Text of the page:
In a scene where the recordings of young sopranos tend toward an extreme sameness, Austria's Anna Prohaska would deserve kudos simply for the ambition of this release of soldiers' songs. The idea, especially for a female singer, is original, and the music draws on a great variety of sources, from Scottish song to Wolfgang Rihm. Better still is the execution, which shows Prohaska's extreme versatility. She's one of the few non-Anglophone singers to get the difficult combination of vernacular American English and popular-classical crossover referentiality in the three Charles Ives songs included, and she moves effortlessly from the edgy anger of Kurt Weill and Hanns Eisler to the more delicate tragic sense of Roger Quilter.
An all-star cast featuring Deutsche Grammophon artist Anna Netrebko, Bryn Terfel and Anna Prohaska, delivers a sensational new recording of Mozart’s Don Giovanni, conducted by Daniel Barenboim at the start of his inaugural season as Music Director of La Scala. Recorded live at the opening of the 2011-12 La Scala season, Don Giovanni is now set to be released in time for Bryn Terfel’s 50th birthday on 9 November 2015. It also ties in with the traditional opening of the new season at La Scala – 7 December, the feast-day of St Ambrose, patron saint of Milan.
With the new WERGO production "Initiale – Lieder und frühe Kammermusik" (Initials – Songs and Early Chamber Music), the complete Lied compositions by Bernd Alois Zimmermann are now available as a recording for the first time. The eleven songs were all interpreted by the adorable singer Anna Prohaska. The up-and-coming 27-year-old star currently captivates the opera world with her light and lyric soprano voice. The CD title borrowed from the eponymous song "Initiale" is also programmatic for this recording because it contains not only Zimmermann's vocal works but also his early chamber music. Members of ……..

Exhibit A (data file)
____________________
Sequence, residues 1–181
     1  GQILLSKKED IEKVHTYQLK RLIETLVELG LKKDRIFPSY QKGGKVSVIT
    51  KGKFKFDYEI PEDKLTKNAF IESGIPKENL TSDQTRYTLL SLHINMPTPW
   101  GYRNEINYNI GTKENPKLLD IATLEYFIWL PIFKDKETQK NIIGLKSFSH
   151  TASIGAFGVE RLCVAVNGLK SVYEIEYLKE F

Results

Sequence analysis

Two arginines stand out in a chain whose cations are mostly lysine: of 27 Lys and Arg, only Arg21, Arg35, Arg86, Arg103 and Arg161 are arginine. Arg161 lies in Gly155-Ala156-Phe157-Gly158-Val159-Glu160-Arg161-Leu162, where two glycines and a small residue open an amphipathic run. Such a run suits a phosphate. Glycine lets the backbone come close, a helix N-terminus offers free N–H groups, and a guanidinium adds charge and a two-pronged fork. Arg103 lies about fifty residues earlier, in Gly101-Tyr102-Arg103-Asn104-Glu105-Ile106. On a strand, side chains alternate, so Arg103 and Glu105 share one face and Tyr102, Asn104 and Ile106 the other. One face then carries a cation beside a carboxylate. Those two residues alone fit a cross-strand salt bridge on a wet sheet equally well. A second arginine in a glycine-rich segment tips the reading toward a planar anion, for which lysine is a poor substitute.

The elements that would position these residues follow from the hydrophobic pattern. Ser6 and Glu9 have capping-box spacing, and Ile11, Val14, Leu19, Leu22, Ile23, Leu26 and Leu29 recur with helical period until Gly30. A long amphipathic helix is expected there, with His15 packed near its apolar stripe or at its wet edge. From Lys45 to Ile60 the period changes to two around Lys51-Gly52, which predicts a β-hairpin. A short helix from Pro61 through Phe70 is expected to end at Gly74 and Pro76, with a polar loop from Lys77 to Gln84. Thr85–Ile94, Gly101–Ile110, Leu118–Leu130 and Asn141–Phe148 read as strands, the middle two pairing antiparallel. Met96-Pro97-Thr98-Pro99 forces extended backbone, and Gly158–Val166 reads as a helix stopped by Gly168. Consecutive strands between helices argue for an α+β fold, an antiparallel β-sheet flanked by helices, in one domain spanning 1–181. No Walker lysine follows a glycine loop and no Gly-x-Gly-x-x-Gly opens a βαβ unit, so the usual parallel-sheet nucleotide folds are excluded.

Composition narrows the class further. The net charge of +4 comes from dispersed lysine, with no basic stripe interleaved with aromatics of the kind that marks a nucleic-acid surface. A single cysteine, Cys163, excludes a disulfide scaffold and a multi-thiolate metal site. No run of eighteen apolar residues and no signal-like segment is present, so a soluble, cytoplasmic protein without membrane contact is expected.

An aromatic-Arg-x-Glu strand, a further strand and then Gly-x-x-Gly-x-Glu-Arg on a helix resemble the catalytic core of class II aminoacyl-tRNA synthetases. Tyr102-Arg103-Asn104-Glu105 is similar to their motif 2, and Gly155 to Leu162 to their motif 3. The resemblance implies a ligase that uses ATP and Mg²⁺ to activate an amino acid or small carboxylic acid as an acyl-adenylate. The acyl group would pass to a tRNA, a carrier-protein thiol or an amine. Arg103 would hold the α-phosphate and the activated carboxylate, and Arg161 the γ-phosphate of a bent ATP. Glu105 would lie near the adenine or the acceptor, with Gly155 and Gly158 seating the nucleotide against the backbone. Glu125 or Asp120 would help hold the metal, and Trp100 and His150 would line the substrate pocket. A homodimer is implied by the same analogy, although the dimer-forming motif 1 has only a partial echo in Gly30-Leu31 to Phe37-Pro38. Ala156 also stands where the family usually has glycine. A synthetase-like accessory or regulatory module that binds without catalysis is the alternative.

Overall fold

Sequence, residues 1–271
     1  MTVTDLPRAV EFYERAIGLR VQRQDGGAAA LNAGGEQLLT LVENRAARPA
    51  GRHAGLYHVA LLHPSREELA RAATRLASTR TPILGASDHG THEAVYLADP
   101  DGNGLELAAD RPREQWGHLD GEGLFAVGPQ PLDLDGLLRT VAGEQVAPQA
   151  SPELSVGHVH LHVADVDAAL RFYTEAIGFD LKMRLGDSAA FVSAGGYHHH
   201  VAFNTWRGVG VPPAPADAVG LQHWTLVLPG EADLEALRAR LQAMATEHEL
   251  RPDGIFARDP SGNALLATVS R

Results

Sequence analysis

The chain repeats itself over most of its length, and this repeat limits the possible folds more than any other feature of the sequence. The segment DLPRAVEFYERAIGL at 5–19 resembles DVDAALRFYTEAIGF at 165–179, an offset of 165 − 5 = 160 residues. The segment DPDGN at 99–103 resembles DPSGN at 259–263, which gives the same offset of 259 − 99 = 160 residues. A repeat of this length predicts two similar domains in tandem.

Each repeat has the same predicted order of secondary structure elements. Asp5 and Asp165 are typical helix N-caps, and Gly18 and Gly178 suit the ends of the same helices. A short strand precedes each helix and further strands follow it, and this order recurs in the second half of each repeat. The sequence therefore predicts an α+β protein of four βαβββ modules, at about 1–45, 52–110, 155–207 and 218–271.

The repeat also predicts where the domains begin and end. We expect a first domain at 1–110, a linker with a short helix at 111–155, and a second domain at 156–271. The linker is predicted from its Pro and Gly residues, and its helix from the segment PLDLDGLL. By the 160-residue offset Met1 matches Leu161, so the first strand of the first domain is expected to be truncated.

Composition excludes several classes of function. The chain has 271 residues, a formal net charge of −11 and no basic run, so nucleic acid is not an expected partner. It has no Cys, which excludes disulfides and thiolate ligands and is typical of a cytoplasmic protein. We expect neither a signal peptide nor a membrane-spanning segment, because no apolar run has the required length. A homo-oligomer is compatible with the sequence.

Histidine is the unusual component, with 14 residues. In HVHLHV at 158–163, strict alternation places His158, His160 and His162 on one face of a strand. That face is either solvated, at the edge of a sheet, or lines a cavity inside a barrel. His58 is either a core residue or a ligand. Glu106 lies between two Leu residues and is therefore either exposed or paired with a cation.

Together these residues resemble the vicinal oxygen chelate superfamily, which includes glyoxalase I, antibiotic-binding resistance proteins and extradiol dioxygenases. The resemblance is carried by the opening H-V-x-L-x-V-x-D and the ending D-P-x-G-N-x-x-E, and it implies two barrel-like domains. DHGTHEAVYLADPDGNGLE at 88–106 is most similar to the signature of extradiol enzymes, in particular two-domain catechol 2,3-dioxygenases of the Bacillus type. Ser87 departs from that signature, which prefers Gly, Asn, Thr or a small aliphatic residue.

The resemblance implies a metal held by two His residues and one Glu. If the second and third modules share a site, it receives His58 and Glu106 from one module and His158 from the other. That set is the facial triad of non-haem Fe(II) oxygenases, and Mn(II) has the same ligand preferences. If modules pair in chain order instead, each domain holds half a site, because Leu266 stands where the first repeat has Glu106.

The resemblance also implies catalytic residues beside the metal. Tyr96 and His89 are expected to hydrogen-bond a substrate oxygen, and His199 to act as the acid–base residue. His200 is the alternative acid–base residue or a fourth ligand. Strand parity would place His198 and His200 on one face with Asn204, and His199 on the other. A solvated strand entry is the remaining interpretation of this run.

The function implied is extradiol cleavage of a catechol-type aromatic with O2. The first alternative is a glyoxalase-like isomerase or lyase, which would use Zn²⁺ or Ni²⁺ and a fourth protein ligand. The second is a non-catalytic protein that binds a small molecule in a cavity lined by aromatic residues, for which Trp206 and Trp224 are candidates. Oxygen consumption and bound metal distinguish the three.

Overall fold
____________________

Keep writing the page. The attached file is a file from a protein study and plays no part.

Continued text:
This 55-CD set chronicles the remarkable Archiv label, begun in 1947. Devoted mainly to early and Baroque music, the recordings presented here, in facsimiles of their original sleeves (a nice touch), cover the period from Gregorian chant to Beethoven’s Fifth and Sixth symphonies, played on period instruments. There are stops in between for a great deal of Bach, music of the Gothic era, the French Baroque (Mouret, Delalande, Rameau, etc), Gibbons, Handel (Alcina, La Resurrezione, Messiah, Italian cantatas), Telemann, Zelenka, Gabrieli, Desprez, Haydn, LeJeune, and plenty of the usual, as well as unusual, suspects. There’s also a final CD with selections of new releases (more Handel, Cavalli, Gesualdo, Vivaldi).